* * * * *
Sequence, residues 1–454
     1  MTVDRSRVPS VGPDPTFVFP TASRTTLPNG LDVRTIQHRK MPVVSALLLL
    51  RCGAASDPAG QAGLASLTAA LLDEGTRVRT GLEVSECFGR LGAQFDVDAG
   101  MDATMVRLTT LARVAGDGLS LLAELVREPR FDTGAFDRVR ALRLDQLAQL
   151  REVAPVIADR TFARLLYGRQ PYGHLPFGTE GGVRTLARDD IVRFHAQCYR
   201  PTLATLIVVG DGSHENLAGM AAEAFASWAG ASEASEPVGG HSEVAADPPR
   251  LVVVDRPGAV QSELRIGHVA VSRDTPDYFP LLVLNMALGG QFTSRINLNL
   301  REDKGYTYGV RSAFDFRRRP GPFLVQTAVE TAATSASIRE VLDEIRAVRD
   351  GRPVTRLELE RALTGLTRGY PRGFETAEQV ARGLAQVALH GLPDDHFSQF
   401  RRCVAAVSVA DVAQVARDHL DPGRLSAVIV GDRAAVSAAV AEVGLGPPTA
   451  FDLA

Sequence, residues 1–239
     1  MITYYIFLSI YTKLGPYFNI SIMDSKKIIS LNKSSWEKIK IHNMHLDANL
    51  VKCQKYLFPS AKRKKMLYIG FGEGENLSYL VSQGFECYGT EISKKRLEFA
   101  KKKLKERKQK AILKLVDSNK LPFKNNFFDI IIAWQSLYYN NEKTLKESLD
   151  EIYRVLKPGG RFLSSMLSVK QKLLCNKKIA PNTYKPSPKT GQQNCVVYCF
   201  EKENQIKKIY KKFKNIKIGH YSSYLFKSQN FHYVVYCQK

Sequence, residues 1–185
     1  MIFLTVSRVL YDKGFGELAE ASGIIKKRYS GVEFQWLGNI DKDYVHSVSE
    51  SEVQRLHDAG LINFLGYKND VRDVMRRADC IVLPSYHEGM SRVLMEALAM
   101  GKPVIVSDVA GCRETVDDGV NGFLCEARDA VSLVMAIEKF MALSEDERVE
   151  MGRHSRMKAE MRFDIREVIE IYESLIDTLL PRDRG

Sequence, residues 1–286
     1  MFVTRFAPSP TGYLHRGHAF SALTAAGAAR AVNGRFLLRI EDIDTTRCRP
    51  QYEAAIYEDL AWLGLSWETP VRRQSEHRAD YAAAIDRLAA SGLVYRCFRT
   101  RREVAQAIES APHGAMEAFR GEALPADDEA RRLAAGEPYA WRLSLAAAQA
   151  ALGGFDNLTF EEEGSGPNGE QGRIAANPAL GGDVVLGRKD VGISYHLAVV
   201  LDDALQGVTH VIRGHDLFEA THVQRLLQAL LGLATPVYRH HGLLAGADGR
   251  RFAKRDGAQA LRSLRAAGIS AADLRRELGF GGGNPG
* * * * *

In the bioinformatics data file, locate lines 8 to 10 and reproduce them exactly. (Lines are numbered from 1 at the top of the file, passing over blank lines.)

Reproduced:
   301  REDKGYTYGV RSAFDFRRRP GPFLVQTAVE TAATSASIRE VLDEIRAVRD
   351  GRPVTRLELE RALTGLTRGY PRGFETAEQV ARGLAQVALH GLPDDHFSQF
   401  RRCVAAVSVA DVAQVARDHL DPGRLSAVIV GDRAAVSAAV AEVGLGPPTA